Fork: (170-200 pounds)
Spring Rate: 51 N/mm
Comp: 9 out
Rebound: 11-12 out
Shock: (170-200 pounds)
Spring Rate: 56 N/mm
L/S Comp: 9 clicks out
H/S Comp: 2 1/4clicks out
Rebound: 11 clicks out
Shock: (200-225 pounds)
Spring Rate: 58 N/mm
L/S Comp: 13 clicks out
H/S Comp: 2 3/4 clicks out
Rebound: 11 clicks out
I still prefer going to these torque specs on the 2023 Honda CRF450R (similar to the 22 model). I spent a couple days experimenting with torque settings on the 2023 and have came up with the spec chart below. What these updated torque specs do for you is slightly improve the bump compliancy and front/rear wheel traction of the 2023 CRF450R. This isn’t a cure all, but you will feel a little extra comfort in your red ride. If you don’t see a torque spec on a portion of the bike that is not below, don’t freak out, just go with the stock recommended torque spec. I experimented with a lot of different parts of the chassis with torque specs and the bolts/nuts below make the mosts difference on the red machine. It may not seem like much, but it’s the little things on this bike that can make the Honda chassis FUN for the average guy. Out of all of the machines that I have experimented with on torque settings, this bike reacts the most to it, so pay attention to your nuts/bolts on your Honda! Follow the torque spec sheet below and make sure to blue Loc-Tite the bolts/nuts on each to ensure you have no issues down the road.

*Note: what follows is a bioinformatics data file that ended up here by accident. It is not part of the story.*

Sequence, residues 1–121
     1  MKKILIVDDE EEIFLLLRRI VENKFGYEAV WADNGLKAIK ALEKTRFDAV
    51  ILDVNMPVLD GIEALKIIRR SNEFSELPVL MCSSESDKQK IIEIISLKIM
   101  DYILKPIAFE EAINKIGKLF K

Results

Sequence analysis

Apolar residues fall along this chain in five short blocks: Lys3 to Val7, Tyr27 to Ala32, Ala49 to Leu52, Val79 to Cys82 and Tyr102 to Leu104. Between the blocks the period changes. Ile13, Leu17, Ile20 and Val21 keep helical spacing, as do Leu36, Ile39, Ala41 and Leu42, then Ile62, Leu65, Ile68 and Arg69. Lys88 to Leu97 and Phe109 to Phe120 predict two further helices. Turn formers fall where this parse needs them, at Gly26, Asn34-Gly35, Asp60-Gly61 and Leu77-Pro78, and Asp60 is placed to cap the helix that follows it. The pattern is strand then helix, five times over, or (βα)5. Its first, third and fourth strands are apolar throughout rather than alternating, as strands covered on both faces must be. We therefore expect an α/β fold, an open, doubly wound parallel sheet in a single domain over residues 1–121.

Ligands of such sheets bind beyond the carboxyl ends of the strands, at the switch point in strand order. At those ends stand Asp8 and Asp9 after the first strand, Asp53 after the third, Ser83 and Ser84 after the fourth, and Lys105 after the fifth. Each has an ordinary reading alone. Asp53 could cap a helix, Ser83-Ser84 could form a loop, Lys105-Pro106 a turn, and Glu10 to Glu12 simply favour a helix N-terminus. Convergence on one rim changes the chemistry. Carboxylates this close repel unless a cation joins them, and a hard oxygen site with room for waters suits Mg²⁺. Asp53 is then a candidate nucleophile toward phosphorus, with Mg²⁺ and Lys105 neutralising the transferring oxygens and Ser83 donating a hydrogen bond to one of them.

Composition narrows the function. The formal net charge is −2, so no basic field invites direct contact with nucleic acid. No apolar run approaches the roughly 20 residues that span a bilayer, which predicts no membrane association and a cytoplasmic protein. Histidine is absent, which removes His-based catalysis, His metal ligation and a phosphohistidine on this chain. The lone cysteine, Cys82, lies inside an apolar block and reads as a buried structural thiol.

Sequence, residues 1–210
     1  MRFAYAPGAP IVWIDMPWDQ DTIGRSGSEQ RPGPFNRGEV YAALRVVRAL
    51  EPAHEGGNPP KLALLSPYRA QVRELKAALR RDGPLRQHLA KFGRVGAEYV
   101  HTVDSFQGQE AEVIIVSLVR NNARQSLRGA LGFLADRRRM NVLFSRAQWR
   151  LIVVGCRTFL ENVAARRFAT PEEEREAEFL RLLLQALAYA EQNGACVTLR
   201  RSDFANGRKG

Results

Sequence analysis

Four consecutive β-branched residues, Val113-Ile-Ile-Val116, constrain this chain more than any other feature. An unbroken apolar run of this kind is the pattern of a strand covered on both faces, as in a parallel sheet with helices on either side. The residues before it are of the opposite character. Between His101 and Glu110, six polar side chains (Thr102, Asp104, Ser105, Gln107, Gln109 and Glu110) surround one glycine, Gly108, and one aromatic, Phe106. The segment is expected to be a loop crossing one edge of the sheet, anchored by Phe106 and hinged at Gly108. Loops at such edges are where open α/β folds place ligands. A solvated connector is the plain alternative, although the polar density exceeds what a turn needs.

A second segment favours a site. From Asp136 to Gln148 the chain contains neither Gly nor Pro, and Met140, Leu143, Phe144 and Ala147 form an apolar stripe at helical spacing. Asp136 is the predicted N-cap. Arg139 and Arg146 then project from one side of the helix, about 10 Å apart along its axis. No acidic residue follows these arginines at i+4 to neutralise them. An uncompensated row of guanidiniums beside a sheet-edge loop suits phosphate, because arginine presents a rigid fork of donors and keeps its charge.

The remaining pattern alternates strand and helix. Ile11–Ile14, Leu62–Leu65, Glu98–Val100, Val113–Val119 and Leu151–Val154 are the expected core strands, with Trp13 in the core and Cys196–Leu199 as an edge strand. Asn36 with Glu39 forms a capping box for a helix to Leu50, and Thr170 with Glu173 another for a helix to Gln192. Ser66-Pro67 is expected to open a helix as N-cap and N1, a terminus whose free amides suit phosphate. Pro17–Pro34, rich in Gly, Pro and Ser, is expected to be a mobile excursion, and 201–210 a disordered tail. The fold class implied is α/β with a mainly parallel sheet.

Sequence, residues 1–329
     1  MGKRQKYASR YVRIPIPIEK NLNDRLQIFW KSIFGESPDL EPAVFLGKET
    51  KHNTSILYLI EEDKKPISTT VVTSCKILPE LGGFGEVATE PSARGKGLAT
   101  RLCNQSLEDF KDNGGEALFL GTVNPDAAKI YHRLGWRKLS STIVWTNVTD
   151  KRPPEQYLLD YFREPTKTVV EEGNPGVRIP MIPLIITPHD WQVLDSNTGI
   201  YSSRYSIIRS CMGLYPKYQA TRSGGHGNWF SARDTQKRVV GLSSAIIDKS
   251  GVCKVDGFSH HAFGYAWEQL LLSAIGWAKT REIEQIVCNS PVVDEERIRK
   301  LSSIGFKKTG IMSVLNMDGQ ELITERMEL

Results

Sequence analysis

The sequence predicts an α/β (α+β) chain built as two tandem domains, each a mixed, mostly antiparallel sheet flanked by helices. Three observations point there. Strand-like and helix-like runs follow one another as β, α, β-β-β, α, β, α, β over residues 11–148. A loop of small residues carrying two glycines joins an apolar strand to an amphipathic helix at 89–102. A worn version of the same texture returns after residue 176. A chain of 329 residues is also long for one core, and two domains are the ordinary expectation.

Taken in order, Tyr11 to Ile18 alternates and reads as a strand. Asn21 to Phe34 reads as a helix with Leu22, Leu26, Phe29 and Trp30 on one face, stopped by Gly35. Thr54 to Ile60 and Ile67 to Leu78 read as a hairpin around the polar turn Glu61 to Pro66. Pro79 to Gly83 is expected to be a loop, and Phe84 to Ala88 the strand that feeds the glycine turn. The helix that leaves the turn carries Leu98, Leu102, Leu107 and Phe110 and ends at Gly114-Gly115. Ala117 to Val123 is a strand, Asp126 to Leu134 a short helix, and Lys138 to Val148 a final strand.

Rear Axle Nut (Qty. 1):
Stock: 128 Nm
Updated Spec: 120 Nm
Fork Top Clamp Pinch Bolts (Qty. 4):
Stock: 22 Nm
Updated Spec: 19 Nm
Fork Bottom Clamp Pinch Bolts (Qty. 4):
Stock: 20 Nm
Updated Spec: 16-17 Nm
Swingarm Pivot Nut (Qty. 1):